Per-Game Customization (Internal value grabbing)

  • Posts: 97
2 years 5 months ago - 2 years 5 months ago #1 by NoMansReshade
It's fairly obvious to anyone that Reshade as taken an "Anti-ENB" approach, in terms of customization per-game. Which works for a good color correction, lens correction and sharpening effect. However, depth buffer compatibility is iffy at best, and practically any other information is nonexistent entirely. This idea doesn't sacrifice Reshades cross-compatibility and would not require different binaries of Reshade to be created per game!

The idea is based off the principle of Reshade having built-in Texture2D values which are grabbed from memory (via memory address) that could be defined in-shader. A very rough example of what I'm talking about:
texture2D GBuffer { Width = BUFFER_WIDTH; Height = BUFFER_HEIGHT; Format = R16F; Address: 0x2E498B8; };

The "0x2E498B8" part of course being fabricated randomly, could be used to point to an address in memory where the internal texture resides (In this example, the games G-Buffer). This would of course leave it up to shader programmers to get such information manually using tools such as RenderDoc. It would also require them to maintain multiple iterations of practically the same shader (and perhaps only support a select few games with commented out definitions for each, as well as requiring the maintenance of such through updates of the games.)

This could of course not be limited to textures, but also values such as position, rotation:
float3 PlayerPosition { Address: 0x7498BE8; };
float4 CameraRotation { Address: 0x4798BE1; };

(Yes I only changed a few values in the example address, shutup.)

Its just an idea I've been pondering for awhile. And ultimately, would not task either the user with having to choose which binaries to use, or the shader programmers with being forced to even use the feature.

An argument against this feature would of course be that it would subsequently "divide" Reshades cross-game shader compatibility. A counterargument, however, might be that the Depth-Buffer's compatibility has much the same effect. Another argument could be hacking potential, which has and always will be a thing regardless if Reshade even existed. It's also not absurd to assume that if implemented, the VAST, VAST majority of shader programmers will not use, nor know how to use the feature. But I believe that the experienced minority that would, would give us delightful shaders with the freedom they've been given (A sort of unintentional quality control :P).

Please Log in or Create an account to join the conversation.

  • Posts: 3749
2 years 5 months ago #2 by crosire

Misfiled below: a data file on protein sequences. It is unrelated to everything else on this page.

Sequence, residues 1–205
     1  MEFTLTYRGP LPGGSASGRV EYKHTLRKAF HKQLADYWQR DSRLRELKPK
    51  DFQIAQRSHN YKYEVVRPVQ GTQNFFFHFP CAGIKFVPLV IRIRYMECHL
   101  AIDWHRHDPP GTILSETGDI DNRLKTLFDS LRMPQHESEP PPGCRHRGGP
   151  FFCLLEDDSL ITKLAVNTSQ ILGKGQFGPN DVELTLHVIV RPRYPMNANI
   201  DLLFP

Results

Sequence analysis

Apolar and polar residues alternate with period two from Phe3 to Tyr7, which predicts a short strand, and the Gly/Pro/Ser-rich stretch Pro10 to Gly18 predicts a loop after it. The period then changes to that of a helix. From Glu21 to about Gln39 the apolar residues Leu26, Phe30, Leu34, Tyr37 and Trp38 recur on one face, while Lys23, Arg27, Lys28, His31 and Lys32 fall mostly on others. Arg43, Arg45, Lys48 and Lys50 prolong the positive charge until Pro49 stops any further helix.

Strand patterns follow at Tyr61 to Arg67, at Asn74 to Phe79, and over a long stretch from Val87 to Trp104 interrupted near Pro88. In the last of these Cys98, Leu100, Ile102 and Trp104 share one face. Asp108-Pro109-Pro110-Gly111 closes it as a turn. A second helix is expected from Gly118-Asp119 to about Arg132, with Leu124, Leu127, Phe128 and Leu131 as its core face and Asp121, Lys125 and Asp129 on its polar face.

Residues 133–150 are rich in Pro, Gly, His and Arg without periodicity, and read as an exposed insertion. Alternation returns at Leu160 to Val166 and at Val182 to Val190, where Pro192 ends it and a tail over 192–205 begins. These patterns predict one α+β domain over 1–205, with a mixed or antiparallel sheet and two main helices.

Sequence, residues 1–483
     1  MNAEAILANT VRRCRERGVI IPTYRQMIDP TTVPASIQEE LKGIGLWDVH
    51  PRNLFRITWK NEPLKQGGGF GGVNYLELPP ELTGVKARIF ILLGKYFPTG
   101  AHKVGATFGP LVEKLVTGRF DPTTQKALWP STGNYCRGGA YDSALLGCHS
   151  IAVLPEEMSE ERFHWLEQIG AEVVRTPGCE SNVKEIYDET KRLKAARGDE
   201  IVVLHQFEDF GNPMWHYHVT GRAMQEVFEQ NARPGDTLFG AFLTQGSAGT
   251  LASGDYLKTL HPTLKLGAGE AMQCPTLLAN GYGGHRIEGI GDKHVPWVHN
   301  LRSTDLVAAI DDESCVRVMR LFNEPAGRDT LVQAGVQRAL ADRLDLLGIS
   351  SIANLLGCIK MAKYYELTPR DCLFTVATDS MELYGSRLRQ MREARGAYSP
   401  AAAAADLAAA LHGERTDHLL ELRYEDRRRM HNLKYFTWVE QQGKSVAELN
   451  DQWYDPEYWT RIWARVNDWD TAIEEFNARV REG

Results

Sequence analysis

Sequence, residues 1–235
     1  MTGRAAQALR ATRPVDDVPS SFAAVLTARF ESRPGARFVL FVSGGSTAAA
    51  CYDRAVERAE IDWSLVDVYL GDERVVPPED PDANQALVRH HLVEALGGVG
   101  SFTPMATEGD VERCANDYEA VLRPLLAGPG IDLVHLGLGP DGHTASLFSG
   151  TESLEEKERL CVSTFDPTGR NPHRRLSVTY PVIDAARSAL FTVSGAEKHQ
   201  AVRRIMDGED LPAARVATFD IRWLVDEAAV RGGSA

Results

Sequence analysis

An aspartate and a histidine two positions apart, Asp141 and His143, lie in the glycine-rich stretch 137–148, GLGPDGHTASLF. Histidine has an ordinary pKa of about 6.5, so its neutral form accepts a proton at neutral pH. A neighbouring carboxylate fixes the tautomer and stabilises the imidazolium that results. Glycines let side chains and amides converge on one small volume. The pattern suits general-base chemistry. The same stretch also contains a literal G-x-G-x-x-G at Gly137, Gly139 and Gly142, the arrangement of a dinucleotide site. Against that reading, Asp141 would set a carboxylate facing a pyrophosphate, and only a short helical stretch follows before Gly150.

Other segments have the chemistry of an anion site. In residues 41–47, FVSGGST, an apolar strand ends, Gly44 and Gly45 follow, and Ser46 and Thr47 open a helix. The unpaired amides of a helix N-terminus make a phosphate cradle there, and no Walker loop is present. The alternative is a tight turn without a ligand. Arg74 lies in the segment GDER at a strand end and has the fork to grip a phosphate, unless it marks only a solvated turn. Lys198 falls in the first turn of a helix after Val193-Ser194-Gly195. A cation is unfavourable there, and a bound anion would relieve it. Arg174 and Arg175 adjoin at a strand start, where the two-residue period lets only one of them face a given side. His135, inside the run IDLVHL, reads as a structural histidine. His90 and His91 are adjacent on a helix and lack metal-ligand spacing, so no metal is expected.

Giving access to any memory is way to dangerous, not to mention hard to generalize. Applications use ASLR (address space layout randomization) these days, meaning there are no fixed addresses of objects anymore, they change every time you restart the game. Not to mention a heap of other tools that block unintentional memory access (which this would be). And don't get me started on how any of this would look like to anti-cheat tools.

It's a good idea, but just not feasible for the scope of ReShade.

Please Log in or Create an account to join the conversation.

  • Posts: 97
2 years 5 months ago - 2 years 5 months ago #3 by NoMansReshade
Sorry to hear that. ENB desperately needs a competitor, I don't know if that will ever happen. I have intermediate knowledge of making trainers for games, maybe I could mess around with things such as DXWrapper; fork it perhaps. Hell, might even try to implement my idea into a Reshade fork :P Thanks for the quick reply!

Please Log in or Create an account to join the conversation.

  • Posts: 97
2 years 3 months ago - 2 years 3 months ago #4 by NoMansReshade
Sorry to revive this topic, but it has come to my attention that a pre-existing solution has the ability to track textures through a hash identifier instead of a memory address. I have no experience, and don't know how it works, but here is a description of the functionality:
(It's also open-source, so we can figure out how it's done).

3Dmigoto is DX11 only, which leads to question whether or not this functionality is possible with DX9, OpenGL, etc. However, given the recent implementation of the new depth buffer detection (which is currently DX11 only officially), it likely wouldn't be too far fetched to implement something much like this, regardless if DX11 exclusive or not. 3Dmigoto also has the ability to scroll through all of the different textures in real-time to find the one you want (damn!)

It also has the ability to scroll through pixel and vertex shaders, mentioned here:

3Dmigoto's texture replacement functionality seems to be geared more towards world-space texture mods (trees, guns etc.) as apposed to render textures (g-buffer, normal buffer etc.), but I can't imagine the latter would be too different, in terms of a hashing method being the main form of tracking down the render textures.

Of course, this is how texture defining would look:
texture2D GBuffer { Width = BUFFER_WIDTH; Height = BUFFER_HEIGHT; Format = R16F; Hash = KSDK45JETYVDGN425; };

We can also look to a custom branch of Reshade which is specifically built for Guild Wars 2, and it's method of custom hooking:

This might give some ideas, however, not only is this an older game, it also leads us back to the memory publication, which Crosire is opposed to. Since Reshade has already crossed the line of per-game configuration (depth buffer detection method), I don't see how this is that far off. I would love more input on this proposal, as it's the last one I got on this subject :P

EDIT: My other proposal, is that if Crosire is so worried about cheating, simply disable the functionality if network traffic is detected (like the depth buffer)

Please Log in or Create an account to join the conversation.